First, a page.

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Element Superposition Based Efficient PGA Gain Step Testing

IP.com Disclosure Number: IPCOM000031285D
Published in the IP.com Journal: Volume 4 Issue 10 (2004-10-25)
Included in the Prior Art Database: 2004-Oct-25
Document File: 2 page(s) / 57K

Publishing Venue

Siemens

Related People

Juergen Carstens: CONTACT

Abstract

The gains in programmable gain amplifier (PGA) circuits are achieved by implementing a network of elements (e.g. resistors, capacitators or current sources) and switches. By changing the configuration of the switches (on/off) the individual gain settings can be applied. The total number of switch settings is 2n, with n being the number of switches. Up to now, for testing the device every single switch setting is programmed and the analog output (the gain) is measured to verify functionality and accuracy. So the amount of time required to test the device increases linearly with the number of gain settings and therefore exponentially with the number of switches. For complex PGAs with many settings the test costs can rise considerably. Sometimes the test costs are being reduced by measuring only a few or even just one gain setting. Hence the device is not fully checked.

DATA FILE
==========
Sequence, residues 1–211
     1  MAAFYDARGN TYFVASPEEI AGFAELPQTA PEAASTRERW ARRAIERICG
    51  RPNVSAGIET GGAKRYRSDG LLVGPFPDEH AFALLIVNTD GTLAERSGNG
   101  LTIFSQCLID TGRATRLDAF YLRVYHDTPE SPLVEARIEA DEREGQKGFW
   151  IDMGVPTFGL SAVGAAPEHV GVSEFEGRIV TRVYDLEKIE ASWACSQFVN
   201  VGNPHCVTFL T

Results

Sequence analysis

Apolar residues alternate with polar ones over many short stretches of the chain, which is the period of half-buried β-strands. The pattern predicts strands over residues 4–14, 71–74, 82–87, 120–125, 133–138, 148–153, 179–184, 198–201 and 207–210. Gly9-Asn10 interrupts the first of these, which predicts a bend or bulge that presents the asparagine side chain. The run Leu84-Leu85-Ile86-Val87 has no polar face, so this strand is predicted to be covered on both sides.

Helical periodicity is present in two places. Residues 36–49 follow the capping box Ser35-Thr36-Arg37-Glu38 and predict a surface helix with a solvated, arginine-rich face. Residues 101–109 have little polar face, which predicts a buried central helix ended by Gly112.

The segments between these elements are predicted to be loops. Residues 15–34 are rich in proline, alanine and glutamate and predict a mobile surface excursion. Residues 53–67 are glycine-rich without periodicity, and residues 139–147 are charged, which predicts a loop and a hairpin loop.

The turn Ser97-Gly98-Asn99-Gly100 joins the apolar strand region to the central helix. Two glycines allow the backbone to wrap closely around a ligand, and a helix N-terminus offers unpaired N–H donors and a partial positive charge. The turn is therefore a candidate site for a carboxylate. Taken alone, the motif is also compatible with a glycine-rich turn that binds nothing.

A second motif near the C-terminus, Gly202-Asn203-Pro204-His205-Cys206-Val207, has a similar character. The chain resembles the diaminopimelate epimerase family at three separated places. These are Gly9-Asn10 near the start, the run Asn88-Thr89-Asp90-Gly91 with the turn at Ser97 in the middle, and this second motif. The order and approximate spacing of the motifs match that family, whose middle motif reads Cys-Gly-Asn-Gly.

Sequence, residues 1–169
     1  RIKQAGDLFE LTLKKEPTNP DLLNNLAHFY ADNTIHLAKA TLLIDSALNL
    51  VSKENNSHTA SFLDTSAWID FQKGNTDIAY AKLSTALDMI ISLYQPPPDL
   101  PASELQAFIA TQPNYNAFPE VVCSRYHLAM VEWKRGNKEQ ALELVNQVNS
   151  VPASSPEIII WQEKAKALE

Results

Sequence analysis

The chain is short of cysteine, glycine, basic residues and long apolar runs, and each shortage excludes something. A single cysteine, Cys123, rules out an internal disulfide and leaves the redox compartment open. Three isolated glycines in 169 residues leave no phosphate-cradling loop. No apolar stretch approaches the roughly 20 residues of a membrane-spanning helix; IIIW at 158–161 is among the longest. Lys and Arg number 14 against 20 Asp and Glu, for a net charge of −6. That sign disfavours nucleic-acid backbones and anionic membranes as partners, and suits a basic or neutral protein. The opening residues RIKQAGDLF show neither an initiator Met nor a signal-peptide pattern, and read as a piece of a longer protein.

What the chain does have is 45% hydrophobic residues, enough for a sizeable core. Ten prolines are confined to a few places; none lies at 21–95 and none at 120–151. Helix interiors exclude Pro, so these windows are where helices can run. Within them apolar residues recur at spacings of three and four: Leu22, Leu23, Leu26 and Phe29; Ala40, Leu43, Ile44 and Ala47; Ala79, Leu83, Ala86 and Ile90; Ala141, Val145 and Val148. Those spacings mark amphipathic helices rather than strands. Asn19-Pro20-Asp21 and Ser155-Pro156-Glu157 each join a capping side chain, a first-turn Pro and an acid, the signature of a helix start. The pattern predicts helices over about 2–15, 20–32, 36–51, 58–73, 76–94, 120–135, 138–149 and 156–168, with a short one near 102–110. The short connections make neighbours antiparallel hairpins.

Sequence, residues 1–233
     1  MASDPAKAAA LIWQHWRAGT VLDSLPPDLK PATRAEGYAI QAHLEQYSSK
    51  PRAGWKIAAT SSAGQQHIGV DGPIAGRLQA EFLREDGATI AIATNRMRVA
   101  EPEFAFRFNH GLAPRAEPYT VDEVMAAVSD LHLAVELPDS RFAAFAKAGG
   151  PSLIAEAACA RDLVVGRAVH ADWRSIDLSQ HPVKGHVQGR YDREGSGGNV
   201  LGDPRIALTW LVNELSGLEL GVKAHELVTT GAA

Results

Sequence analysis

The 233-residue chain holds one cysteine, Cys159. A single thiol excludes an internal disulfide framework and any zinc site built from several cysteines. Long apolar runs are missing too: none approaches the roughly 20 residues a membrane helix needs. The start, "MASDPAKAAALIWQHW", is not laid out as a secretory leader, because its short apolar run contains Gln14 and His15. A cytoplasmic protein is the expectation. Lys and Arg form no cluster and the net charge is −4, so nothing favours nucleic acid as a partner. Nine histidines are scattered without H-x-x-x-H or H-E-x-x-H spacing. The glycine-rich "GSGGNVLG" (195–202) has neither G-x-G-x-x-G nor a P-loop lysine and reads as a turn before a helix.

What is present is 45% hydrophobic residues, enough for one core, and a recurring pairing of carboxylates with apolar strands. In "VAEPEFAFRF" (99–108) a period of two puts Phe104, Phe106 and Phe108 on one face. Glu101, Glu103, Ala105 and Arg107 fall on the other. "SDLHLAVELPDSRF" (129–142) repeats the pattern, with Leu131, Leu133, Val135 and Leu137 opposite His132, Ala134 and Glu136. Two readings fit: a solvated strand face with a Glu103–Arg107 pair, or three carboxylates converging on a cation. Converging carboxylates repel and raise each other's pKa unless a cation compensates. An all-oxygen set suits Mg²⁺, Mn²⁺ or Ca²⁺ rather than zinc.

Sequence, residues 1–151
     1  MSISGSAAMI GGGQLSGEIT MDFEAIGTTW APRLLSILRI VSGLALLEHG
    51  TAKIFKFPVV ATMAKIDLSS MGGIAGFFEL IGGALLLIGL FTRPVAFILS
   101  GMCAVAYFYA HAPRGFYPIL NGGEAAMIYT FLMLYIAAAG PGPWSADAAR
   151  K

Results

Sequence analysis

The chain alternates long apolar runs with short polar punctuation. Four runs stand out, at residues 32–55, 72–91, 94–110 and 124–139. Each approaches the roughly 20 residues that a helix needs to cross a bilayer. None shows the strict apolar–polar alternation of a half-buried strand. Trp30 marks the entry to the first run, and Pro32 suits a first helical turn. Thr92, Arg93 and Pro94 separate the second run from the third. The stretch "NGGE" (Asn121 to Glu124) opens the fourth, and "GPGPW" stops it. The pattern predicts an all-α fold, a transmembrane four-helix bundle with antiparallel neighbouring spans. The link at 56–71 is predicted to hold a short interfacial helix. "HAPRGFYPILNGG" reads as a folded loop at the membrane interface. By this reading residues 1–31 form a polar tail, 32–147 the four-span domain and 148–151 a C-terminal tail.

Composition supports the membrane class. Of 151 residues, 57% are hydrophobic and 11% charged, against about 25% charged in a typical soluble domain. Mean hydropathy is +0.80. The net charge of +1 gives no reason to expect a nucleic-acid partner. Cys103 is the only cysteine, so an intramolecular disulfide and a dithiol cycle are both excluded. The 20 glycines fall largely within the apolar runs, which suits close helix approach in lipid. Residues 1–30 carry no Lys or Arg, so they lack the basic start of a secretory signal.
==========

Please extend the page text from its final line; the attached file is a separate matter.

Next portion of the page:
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Element Superposition Based Efficient PGA Gain Step Testing

Idea: Fan Yung Ma, SG-Singapore

The gains in programmable gain amplifier (PGA) circuits are achieved by implementing a network of elements (e.g. resistors, capacitators or current sources) and switches. By changing the configuration of the switches (on/off) the individual gain settings can be applied. The total number of switch settings is 2n, with n being the number of switches.

Up to now, for testing the device every single switch setting is programmed and the analog output (the gain) is measured to verify functionality and accuracy. So the amount of time required to test the device increases linearly with the number of gain settings and therefore exponentially with the number of switches. For complex PGAs with many settings the test costs can rise considerably. Sometimes the test costs are being reduced by measuring only a few or even just one gain setting. Hence the device is not fully checked.

It is therefore proposed to reduce the number of tests by exploiting the fact that every element in the network can be a part of different gain settings. The number of necessary tests can be reduced drastically by selecting a sub-set of gain settings such that every element and switch is participating in a test at least once. Additionally the tests in which only elements are used that have been tested before can be skipped.

As an example figure 1 shows a single stage PGA having seven switched resistor elemen...